The boy stood in the center of the kitchen with a blue disposable razor in his mouth, and his father paced around him. He would fix the boy’s speech impediment at last. He worked on the device most of the previous night: he removed the blades, melted a small plastic block into strips, and arranged them to the speech therapist’s specifications.
Mark looked at his five year old son, Jerry, whose red shorts sagged, and his white t-shirt hung down below his knees. Jerry was such a late bloomer that it was hard to find clothes in his size, but Mark shopped for clothes with optimism.
They created many traditions together, and over the past two months they created a dozen more. The Governor of Nevada declared a ‘state of emergency’ two months prior. He shut down all ‘non essential businesses’, but Mark considered the time at home a disguised blessing—more time to work on Jerry’s impediment.
So Mark bought a large bag of peanut butter cups and a label maker. Soon the entire house was plastered with labels. Whenever Jerry passed a label he attempted the word three times, Mark repeated the word properly, and Jerry mimicked him—if Jerry pronounced it correctly he would receive one peanut butter cup. That was the plan at least.
“Do you remember position one?” Mark asked. “No, place your tongue on the top bar like this. Good now, try th, th.” Jerry’s face scrunched and he tried. Jerry enjoyed the exercises Mark thought. This was Mark’s failure.
Bedtime traditions were sacred. The night before speech therapy, Jerry wore his favorite penguin pajamas. He struggled to pronounce the word bird, so Jerry called all birds penguins. Mark was baffled how his son could pronounce one and not the other. The bedtime story, The Little Engine That Could was another therapy night tradition. Mark was not a subtle man.
Jerry burst into Mark’s room at 6:12 a.m., and Mark pulled the covers over his head. Undeterred, Jerry shook Mark with his tiny palms, and gripped the covers with his tiny knuckles. Jerry changed strategies, and pried the covers away from Mark’s head. This was a favorite game between the two of them, and Jerry won—always.
With a kiss on the cheek Jerry would claim victory, and Mark would be forced to bolt out of bed. Jerry yanked the covers away from Marks face, but Mark slipped under a pillow before Jerry could land the final blow. Civility abandoned, Jerry stood up and plunked down sitting on Marks chest, hard. The boy weighed little, but Mark rewarded his sons creativity. He groaned and sat up. Jerry pounced and kissed his cheek.
“Ms. May-on,” Jerry said.
“Oh, that is right, J,” Mark said. “Better go brush your teeth, and then we will practice before we go see Ms. Marion.”
Jerry rode into the therapists office on Mark’s shoulders. They passed the line of patients outside. Mark placed his hand on the One Parent and One Patient Permitted Inside at One Time sign.
“Sorry we forgot something,” Mark said. They laughed as they walked inside. Mark bent down over the reception desk, and the receptionist took their temperatures. Ms. Marion waited behind the desk. She looked concerned.
“Jerry,” Mark said. “Go to Ms. Marion’s office.” Jerry closed the door behind himself. “Bad news?”
“I am sorry, Mark,” Ms. Marion said. “Your insurance didn’t approve any additional visits,” Mark’s mouth dried, his eye’s glossed, and he struggled to breathe.
“Well, that’s not, you know,” Mark said. “What I wanted to happen. I thought they would approve some more.”
“Hopefully,” she said. “Jerry’s speech will improve on its own, and his school will provide some therapy.”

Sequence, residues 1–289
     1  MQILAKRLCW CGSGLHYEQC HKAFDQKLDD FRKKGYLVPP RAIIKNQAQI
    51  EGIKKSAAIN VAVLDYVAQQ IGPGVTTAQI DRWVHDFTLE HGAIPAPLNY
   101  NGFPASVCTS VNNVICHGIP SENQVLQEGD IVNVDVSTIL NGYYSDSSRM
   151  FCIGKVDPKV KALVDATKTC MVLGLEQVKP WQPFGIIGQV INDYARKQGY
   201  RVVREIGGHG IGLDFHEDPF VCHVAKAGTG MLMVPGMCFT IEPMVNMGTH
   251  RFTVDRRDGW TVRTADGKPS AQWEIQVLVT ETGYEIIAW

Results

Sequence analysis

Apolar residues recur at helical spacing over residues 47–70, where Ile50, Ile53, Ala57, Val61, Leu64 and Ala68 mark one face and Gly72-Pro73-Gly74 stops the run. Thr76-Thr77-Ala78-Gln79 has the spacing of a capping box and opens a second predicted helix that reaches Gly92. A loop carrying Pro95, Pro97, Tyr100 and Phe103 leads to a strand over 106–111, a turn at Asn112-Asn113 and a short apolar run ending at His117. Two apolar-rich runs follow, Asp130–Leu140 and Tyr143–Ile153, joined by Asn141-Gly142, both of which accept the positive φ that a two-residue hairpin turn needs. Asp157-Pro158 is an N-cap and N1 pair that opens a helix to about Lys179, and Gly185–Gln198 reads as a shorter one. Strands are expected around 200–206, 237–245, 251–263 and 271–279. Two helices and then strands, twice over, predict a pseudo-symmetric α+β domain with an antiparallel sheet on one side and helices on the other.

“If they reopen,” Mark said.
“Their is plenty you can do at home,” she said.
“Has he improved at all?” Mark asked.
“Of course he has,” she said. “He has made some strides, and he certainly has worked hard. He just needs to focus on placing his tongue like this…” Ms. Marion explained for a while, but Mark couldn’t focus.
“So is this the last session?” Mark asked.
“One more.” she said. “Next week.”
“Okay, I’ll be in the car if he needs anything,” Mark said. Mark opened the tinted door, and headed past the scrum of people outside.
Twenty minutes later, Ms. Marion and Jerry walked out of the building, and Mark exited the car. Jacob ran along the sidewalk, and mark swooped his son up into his arms.
“So how did we do?” Mark asked Marion.
“Well, we had a little bit of trouble focusing today. Didn’t we?”
When they got home, Mark cooked lunch, and Jerry launched himself off the couch onto a pile of pillows below. For a long time, Jerry couldn’t climb a couch, but he gained the strength, eventually. Maybe, his impediment would correct itself, but Mark dismissed the thought as wishful thinking. The couch squeaked when Jerry jumped off of it. He zoomed around the living room and into the bathroom.
“Bwush,” Jerry said. Mark turned around to see that his son held the hair brush. Jerry concentrated on the brush’s label. “Bwush, bwush,” he continued. Mark looked at the bag of peanut butter cups on the coffee table—unopened.
“No more of that, J,” Mark said.
“It yite?” he asked.
“No, not right, but that’s okay. I am proud of you, and I think it is about time you had a peanut butter cup,” Mark said with mustered enthusiasm he did not mean. They gorged on peanut butter cups. Once they could stand, they hunted for all the labels in the apartment. While Jerry slept, mark peeled off each one. He cried.
One week later, they sat under the largest tree in Sunset Park. Jacob clutched a ‘Certificate of Completion’ Ms. Marion gave him. Completion? Mark considered the idea ridiculous, and he was tempted to tear it into pieces.
“Bird,” Jerry said—perfectly, and he pointed above his father’s head. Shocked Mark didn’t move—he didn’t breathe.
“Say that again, J,” Mark said.
“Bird,” Jerry repeated correctly. Mark ignored the bird droppings that pelted his head. His little late bloomer would be fine.